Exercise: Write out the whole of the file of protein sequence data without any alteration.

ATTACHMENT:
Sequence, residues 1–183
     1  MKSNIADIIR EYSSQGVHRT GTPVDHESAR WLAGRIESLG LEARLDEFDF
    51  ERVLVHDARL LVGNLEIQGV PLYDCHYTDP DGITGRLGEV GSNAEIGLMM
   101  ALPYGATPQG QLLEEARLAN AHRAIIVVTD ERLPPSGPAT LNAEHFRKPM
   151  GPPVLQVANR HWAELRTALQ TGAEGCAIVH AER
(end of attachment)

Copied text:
Sequence, residues 1–183
     1  MKSNIADIIR EYSSQGVHRT GTPVDHESAR WLAGRIESLG LEARLDEFDF
    51  ERVLVHDARL LVGNLEIQGV PLYDCHYTDP DGITGRLGEV GSNAEIGLMM
   101  ALPYGATPQG QLLEEARLAN AHRAIIVVTD ERLPPSGPAT LNAEHFRKPM
   151  GPPVLQVANR HWAELRTALQ TGAEGCAIVH AER